The note then suggests contact with relatives, medical professionals, and the Wards of Court office – although it ominously concludes that the “solicitor’s duties are at an end” once this is done.
Just what these ‘reasonable steps’ may entail, and whether withdrawal is even ethical for a solicitor in the context of a mentally-ill client in custody, are just two of the questions that arise from the 1998 note, but there is also a sense that the law has moved on considerably since.
For example, pursuant to the Mental Health Acts, legal representatives are now specifically authorised to act on behalf of clients on Mental Health Tribunals, although this is hardly analogous to representing a detained person.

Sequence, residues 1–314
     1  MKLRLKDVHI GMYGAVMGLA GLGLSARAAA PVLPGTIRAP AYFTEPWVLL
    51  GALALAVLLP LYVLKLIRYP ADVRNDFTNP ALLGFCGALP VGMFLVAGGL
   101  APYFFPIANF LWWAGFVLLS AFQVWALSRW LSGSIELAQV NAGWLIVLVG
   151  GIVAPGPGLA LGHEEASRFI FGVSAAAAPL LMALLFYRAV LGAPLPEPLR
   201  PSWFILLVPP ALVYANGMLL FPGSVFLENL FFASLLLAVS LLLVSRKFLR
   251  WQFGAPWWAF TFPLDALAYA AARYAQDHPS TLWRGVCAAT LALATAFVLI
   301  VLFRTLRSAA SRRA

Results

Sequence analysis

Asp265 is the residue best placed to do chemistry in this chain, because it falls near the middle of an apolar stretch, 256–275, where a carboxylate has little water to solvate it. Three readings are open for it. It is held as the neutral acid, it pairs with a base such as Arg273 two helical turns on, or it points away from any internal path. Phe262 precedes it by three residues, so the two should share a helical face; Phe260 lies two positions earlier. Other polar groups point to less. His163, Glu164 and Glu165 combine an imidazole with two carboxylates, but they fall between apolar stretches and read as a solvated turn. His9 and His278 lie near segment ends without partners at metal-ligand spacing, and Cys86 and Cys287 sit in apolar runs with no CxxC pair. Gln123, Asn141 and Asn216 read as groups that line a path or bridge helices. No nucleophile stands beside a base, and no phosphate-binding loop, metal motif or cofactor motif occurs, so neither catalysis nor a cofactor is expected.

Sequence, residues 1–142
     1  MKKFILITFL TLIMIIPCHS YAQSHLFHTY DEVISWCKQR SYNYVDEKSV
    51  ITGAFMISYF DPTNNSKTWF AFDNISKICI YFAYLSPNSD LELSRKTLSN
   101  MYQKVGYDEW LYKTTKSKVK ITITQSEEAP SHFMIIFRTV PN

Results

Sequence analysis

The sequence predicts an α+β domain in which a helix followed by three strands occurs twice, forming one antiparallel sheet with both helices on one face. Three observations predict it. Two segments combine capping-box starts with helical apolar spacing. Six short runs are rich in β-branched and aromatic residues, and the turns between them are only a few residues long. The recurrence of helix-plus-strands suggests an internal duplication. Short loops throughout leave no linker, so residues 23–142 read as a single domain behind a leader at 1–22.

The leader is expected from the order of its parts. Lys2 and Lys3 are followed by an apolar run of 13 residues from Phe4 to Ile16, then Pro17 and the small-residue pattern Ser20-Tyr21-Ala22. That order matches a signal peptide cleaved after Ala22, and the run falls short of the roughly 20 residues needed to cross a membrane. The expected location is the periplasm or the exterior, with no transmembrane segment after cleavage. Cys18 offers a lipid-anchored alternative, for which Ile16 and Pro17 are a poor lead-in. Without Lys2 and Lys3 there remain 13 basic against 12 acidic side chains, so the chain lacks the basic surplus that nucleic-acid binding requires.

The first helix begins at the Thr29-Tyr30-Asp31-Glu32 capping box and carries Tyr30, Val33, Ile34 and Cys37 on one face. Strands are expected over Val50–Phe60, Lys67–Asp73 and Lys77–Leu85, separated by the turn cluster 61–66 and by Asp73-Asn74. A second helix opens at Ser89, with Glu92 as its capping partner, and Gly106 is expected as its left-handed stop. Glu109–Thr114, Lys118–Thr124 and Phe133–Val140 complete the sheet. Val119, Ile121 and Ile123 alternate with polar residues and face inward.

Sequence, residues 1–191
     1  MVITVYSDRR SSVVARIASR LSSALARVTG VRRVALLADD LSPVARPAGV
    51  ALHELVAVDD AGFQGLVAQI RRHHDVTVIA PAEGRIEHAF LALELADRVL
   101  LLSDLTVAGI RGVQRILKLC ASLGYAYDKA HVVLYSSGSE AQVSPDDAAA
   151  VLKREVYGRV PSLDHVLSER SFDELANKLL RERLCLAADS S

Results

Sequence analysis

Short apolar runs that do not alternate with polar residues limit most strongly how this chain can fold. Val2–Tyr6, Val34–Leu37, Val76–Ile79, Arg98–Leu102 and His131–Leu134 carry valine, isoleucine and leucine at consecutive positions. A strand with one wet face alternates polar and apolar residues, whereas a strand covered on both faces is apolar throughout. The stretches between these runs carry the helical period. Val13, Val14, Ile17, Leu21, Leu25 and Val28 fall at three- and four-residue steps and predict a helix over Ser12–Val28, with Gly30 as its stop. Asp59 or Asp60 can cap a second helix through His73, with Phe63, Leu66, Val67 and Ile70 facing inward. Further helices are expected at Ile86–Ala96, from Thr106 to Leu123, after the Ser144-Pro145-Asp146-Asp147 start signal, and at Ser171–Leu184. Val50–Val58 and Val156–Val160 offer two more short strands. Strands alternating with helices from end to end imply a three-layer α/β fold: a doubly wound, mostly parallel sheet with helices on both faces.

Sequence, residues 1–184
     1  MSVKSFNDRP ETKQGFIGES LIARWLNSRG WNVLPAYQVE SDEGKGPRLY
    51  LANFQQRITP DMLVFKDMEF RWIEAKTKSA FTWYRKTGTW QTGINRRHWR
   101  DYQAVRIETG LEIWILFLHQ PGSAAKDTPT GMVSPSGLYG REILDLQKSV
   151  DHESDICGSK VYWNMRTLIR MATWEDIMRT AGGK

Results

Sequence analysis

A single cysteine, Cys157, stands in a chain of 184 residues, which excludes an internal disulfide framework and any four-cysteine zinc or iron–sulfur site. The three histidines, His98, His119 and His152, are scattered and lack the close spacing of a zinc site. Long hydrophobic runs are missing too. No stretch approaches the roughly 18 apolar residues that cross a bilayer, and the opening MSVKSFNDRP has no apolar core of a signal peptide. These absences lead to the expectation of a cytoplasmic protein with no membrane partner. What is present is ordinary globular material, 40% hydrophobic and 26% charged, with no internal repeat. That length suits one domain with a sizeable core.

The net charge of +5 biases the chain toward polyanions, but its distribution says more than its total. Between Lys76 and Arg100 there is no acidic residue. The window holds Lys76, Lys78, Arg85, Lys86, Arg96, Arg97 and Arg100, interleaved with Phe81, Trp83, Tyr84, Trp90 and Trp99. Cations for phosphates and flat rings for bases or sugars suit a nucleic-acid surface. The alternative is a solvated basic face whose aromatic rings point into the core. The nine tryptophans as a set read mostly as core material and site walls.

In another area, some solicitors are not infrequently asked to act as guardians ad litem in ward-of-court proceedings, and there they take on the role of being a voice of the intended ward.
Time of the preacher
Specific guidance is needed, because the general guides currently fail to take account of the unique characteristics of detainees as clients.
The chaplains of Cloverhill Prison express it well: “Many of the [detainees] grew up in the care system, spent their lives living in homeless accommodation or psychiatric hospitals, and have no appropriate support in addressing their social needs.”
Therefore, in cases where the mentally-ill person in custody is homeless and without any next of kin, the solicitor on record may be that person’s only advocate outside the prison walls. If that prisoner’s health declines urgently, prison nurses and doctors may have nobody else to call.